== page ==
Water Journal : Water Journal November 2015
12 Industry News WATER NOVEMBER 2015 EPA WORKS WITH LOCAL AUTHORITIES AFTER FLOODING Recent heavy rain in the Illawarra and South Coast regions of New South Wales highlighted the potential impact extreme weather events can have on infrastructure and waterways. Heavy rainfall in August led to widespread ooding, with sewerage and drainage systems over owing along the coast. EPA Director South Gary Whytcross said that while emergency response organisations such as the NSW Police, Fire and Rescue and the State Emergency Service responded to people's immediate needs, the NSW Environment Protection Authority (EPA) worked to ensure environmental harm was minimised. "During large oods such as this, the EPA has of cers on standby to assess reports of environmental impacts and refer these to managers of the relevant sites," Mr Whytcross said. "The EPA liaises closely with local authorities such as Primary Industries (Fisheries), animal welfare agencies, NSW Food Authority, Roads and Maritime Services and Shoalhaven City Council to share up-to-the-minute information and advice about the ood event. "Shoalhaven City Council acted quickly in notifying the EPA of actions it was taking to respond to ooding of its sewerage systems, including advising the public of health impacts of sewage over ows." The EPA has an ongoing program to review the performance of sewage treatment plants to ensure they are working well and that they are building resilience into the plant to better cope with ood events. At present the EPA is working with Council to upgrade its sewerage infrastructure by 2017. The upgrade will result in high- quality treated ef uent to be primarily reused in agriculture rather than discharged into waterways and aims to increase the resilience of the region's infrastructure in future ood events. Industries regulated by the EPA under Environment Protection Licences have a duty to report pollution incidents threatening or causing harm to the environment and are required to respond according to their Pollution Incident Response Management Plans. The EPA urges people with concerns about the environment or pollution incidents to call the EPA Environment Line, 131 555, which operates 24 hours a day, seven days a week. CITIES WORKING TOGETHER TO TACKLE CLIMATE CHANGE Leaders from 13 cities representing almost one hundred million people visited Sydney in September to workshop ways to improve energy ef ciency, reduce emissions and tackle climate change globally. Experts from cities including Tokyo, New York, London, Singapore, Johannesburg and Shenzhen joined forces at the C40 Cities Climate Leadership Group's (C40) Private Building Ef ciency network workshop at Sydney Town Hall. The City of Sydney is co- chair of the Private Buildings Ef ciency network along with the Tokyo Government. The network supports cities in developing policies and programs that improve residential and commercial energy ef ciency. Lord Mayor Clover Moore said action on climate change was the most signi cant issue of our time and was vital at both the local and global level. "While our federal leaders disregard global warming, city leaders are getting on with the job," the Lord Mayor said. "Our cities account for 80 per cent of carbon emissions worldwide, so it's cities where we need strong action. "With leaders from 13 global cities in Sydney, I'm looking forward to plenty of insights into tackling emissions and global warming in our cities. C40 plays an important role in helping cities share practical experiences and effective strategies." The C40 Cities Climate Leadership Group, now in its 10th year, connects more than 75 of the world's greatest cities, representing 550+ million people and one-quarter of the global economy. Created and led by cities, C40 is focused on tackling climate change and driving urban action that reduces greenhouse gas emissions and climate risks, while increasing the health, wellbeing and economic opportunities of urban citizens. The current chair of the C40 is Rio de Janeiro Mayor Eduardo Paes, while three-term Mayor of New York City Michael R Bloomberg serves as President of the Board. The City of Sydney has an ambitious emissions reduction target -- to cut emissions by 70 per cent by 2030, based on 2006 levels and an energy ef ciency improvement target for buildings of 31 per cent by 2030. The City's sustainability programs, including CitySwitch, the Better Buildings Partnership, Smart Green Business and Smart Blocks, are improving energy performance of buildings across the city while making signi cant nancial savings. Better Buildings Partnership members have slashed their energy bills by $30 million a year since the partnership was established and avoided over 113,000 tonnes of carbon emissions in the last year. The City of Sydney's new master plan for energy ef ciency shows businesses and residents how to slash greenhouse pollution and save more than $600 million in energy bills by 2030. The Sydney event follows a workshop and summit hosted by Tokyo mid-last year. Participants in the recent C40 workshop in Sydney.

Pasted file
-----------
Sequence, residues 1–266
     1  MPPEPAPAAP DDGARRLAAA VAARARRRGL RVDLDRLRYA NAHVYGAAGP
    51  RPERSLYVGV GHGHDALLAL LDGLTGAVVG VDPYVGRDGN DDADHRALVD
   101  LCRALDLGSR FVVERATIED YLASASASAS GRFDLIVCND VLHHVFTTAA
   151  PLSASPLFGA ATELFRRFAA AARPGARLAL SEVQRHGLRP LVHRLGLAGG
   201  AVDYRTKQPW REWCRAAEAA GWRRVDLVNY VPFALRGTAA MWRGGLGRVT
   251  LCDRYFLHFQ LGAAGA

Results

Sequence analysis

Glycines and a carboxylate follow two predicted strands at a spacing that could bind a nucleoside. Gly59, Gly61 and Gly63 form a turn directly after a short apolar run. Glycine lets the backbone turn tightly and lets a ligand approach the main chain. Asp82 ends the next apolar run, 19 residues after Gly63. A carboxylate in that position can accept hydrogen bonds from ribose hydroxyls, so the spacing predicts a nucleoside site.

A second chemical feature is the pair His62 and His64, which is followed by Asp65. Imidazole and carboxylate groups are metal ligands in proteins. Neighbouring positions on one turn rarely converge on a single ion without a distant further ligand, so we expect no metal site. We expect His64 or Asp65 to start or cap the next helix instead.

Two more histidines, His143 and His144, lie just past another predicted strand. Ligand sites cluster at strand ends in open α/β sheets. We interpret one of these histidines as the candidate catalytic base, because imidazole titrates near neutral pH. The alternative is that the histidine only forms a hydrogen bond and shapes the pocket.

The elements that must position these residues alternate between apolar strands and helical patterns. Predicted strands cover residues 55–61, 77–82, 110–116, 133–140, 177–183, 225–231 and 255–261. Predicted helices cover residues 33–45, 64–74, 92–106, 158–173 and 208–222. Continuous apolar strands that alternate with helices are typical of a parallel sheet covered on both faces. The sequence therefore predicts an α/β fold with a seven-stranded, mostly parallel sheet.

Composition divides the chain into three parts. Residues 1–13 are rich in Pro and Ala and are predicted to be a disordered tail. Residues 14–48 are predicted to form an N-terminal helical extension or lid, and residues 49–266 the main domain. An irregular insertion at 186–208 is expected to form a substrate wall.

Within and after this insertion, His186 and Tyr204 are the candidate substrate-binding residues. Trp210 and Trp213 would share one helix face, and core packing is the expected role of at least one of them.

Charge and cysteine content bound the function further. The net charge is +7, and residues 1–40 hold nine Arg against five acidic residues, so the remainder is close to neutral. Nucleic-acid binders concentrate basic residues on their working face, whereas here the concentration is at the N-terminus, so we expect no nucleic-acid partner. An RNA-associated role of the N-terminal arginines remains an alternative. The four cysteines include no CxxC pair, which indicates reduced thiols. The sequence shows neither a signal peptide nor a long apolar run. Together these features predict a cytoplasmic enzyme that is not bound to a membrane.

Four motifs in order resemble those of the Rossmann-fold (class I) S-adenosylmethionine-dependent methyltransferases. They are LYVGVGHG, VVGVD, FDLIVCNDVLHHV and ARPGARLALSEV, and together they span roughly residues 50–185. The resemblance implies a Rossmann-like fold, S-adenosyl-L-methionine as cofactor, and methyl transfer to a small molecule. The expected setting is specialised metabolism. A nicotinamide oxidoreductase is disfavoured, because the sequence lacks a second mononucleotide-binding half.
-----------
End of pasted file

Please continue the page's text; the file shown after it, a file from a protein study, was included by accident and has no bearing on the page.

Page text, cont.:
Water Journal September 2015
Current Feb 2016